Perhaps because the atmospherics of Kerry's recent visit to Moscow were meant to show that his hosts were under no illusions as to who was the more desperate and bowed party. First, Kerry's motorcade sat in Moscow traffic for a half hour because of a military parade rehearsal for Victory Day, which celebrates the Soviet defeat of the Nazis in World War II. Then Russian President Vladimir Putin kept Kerry waiting for three hours before granting him an audience, upon which he fiddled with his pen and more resembled a man indulging a long-ago scheduled visit from the cultural attaché of Papua New Guinea than participating in an urgent summit with America's top diplomat.
The pro-Kremlin newspaper Izvestia claimed that Kerry had been "counting on convincing Moscow not to block sanctions against Damascus. It didn't work." Even if false, the framing of the story provides good insight into how the Russian government viewed these talks. And in the end, Kerry gave Putin exactly what he wanted: Washington's assent to a renewed push for negotiations to end the geopolitical catastrophe in Syria.
|US Secretary of State John Kerry and US Ambassador to Russia Michael McFaul|
meet with Russian President Vladimir Putin and Russian Foreign Minister Sergey
Lavrov in Moscow on May 7, 2013. Credit: State Department
No doubt, the negotiations with Syria will be at least as successful as the talks the Obama administration has been conducting with Iran. After all, neither Iran nor Syria has shown any signs of having the least bit of fear -- let alone regard -- for what the US wants.
This is something that Secretary of State John Kerry has done a fine job of illustrating for us -- and not only in Russia.
Just last week, Kerry was singing the praises of what he saw as an important breakthrough in Israel-Palestinian peace talks
Although there is still a long way to go, Kerry said Tuesday, “I don’t think you can underestimate the significance of Saudi Arabia, Qatar, Arab Emirates, the Egyptians, the Jordanians and others coming to the table and saying, ‘We are prepared to make peace now in 2013.’ ”However, Abbas did not see things that way and the Palestinian Arabs again put the kibosh on any hopes of a breakthrough in peace talks, rejecting the idea of significant land swaps and demonstrating a disregard for the input of members of the Arab League.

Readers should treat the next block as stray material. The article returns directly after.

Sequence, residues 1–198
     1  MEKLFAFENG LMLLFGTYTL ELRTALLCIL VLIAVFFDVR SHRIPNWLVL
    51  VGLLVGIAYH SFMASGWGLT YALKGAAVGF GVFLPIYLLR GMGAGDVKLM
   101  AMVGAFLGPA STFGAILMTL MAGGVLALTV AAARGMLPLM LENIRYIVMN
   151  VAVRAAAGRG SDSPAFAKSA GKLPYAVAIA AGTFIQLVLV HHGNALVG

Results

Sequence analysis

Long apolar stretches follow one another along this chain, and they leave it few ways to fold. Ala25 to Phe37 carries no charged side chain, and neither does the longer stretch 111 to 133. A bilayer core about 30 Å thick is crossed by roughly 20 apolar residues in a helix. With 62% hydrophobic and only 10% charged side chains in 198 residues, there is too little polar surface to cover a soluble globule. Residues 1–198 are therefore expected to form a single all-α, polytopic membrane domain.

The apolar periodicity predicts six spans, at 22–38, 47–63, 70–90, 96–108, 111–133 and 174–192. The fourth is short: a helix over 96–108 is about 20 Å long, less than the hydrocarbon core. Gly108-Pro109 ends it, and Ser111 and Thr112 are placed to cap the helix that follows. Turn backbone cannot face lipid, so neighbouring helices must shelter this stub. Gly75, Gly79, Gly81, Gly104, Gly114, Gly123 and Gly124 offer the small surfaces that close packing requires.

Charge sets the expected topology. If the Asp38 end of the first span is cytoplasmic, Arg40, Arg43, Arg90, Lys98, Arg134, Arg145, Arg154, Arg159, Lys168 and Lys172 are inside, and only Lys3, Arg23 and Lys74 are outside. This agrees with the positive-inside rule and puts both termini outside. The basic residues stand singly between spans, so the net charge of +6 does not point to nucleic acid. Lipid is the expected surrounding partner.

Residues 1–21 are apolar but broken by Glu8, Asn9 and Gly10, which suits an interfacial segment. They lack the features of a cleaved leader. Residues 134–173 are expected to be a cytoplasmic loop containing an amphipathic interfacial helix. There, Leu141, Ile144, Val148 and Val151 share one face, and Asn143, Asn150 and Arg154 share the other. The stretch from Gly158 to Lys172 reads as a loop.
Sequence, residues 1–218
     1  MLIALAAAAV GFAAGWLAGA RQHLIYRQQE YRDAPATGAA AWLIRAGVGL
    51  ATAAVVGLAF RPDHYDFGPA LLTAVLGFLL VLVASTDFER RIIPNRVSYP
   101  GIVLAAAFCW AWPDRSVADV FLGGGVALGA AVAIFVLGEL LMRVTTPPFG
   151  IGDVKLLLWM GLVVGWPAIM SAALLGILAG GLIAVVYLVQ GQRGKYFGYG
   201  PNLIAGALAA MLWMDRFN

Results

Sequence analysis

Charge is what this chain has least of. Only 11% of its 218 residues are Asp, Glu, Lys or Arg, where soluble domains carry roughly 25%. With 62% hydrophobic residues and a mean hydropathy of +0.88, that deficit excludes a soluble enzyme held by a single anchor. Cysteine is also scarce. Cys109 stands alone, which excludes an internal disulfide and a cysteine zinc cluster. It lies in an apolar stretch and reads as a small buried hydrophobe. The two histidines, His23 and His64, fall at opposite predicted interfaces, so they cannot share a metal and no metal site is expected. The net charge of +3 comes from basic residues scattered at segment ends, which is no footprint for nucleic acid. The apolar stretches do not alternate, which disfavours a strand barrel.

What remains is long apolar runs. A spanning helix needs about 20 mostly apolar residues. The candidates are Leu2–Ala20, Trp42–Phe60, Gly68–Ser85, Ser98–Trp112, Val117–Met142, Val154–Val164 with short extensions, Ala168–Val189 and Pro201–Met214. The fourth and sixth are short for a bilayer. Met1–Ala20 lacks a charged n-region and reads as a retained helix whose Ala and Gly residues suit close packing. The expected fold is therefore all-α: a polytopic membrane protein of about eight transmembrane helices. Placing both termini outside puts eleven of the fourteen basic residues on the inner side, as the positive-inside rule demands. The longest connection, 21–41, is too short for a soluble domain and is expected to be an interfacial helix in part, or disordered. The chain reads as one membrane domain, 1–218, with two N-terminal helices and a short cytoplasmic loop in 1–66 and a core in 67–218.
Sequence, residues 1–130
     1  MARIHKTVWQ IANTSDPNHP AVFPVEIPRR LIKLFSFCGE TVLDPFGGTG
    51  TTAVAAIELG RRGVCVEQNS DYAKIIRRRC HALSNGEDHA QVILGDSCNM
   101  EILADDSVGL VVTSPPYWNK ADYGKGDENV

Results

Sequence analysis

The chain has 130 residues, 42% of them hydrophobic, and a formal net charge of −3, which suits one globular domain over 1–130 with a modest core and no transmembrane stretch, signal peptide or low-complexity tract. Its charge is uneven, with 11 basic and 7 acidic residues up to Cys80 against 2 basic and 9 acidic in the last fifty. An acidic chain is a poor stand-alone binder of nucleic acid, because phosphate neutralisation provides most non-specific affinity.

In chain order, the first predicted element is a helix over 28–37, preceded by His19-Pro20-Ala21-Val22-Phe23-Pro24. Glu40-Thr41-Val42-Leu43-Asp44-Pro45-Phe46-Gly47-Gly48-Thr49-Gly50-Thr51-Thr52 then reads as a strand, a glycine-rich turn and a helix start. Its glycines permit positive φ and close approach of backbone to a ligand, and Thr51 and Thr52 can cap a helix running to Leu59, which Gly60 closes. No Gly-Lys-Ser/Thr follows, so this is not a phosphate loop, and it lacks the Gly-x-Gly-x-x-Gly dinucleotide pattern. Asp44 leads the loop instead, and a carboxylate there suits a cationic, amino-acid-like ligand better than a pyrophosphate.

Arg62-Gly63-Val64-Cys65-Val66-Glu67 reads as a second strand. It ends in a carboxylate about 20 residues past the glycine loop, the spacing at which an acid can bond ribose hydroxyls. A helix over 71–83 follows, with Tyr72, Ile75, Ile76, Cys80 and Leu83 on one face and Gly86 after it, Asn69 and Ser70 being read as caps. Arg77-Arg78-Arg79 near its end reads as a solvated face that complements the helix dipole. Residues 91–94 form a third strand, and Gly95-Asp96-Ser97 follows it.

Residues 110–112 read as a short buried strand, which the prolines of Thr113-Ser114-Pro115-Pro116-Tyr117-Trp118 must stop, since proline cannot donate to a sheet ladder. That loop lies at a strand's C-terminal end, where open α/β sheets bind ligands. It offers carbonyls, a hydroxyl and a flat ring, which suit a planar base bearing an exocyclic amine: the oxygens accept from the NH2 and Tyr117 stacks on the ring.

Before that, Turkey rebuffed Kerry's request that Erdogan delay his visit to Gaza -- telling Kerry
“Only our government decides where and when our prime minister or another Turkish official would go to, and is not in a position to seek permission or acceptance of any authority,” Mr. Erdogan’s deputy prime minister and government spokesman, Bulent Arinc, said in a televised statement. “Because both Mr. Kerry and the world know that Turkey has the power to do whatever it wishes at the desired time.”Effective diplomacy is based on more than just trust and good will -- it is also based on having the wherewithal to follow through on both promises and threats. As Obama continues to deplete not only America's physical forces but also its apparent willingness to take action on behalf of both itself and its friends, we are likely to read more stories about the misadventures of Secretary of State Kerry.
...Mr. Arinc said Mr. Kerry’s public advice was “diplomatically objectionable, wrong and incorrect.” He also said Mr. Kerry had done something that “an experienced foreign minister would have never done.”
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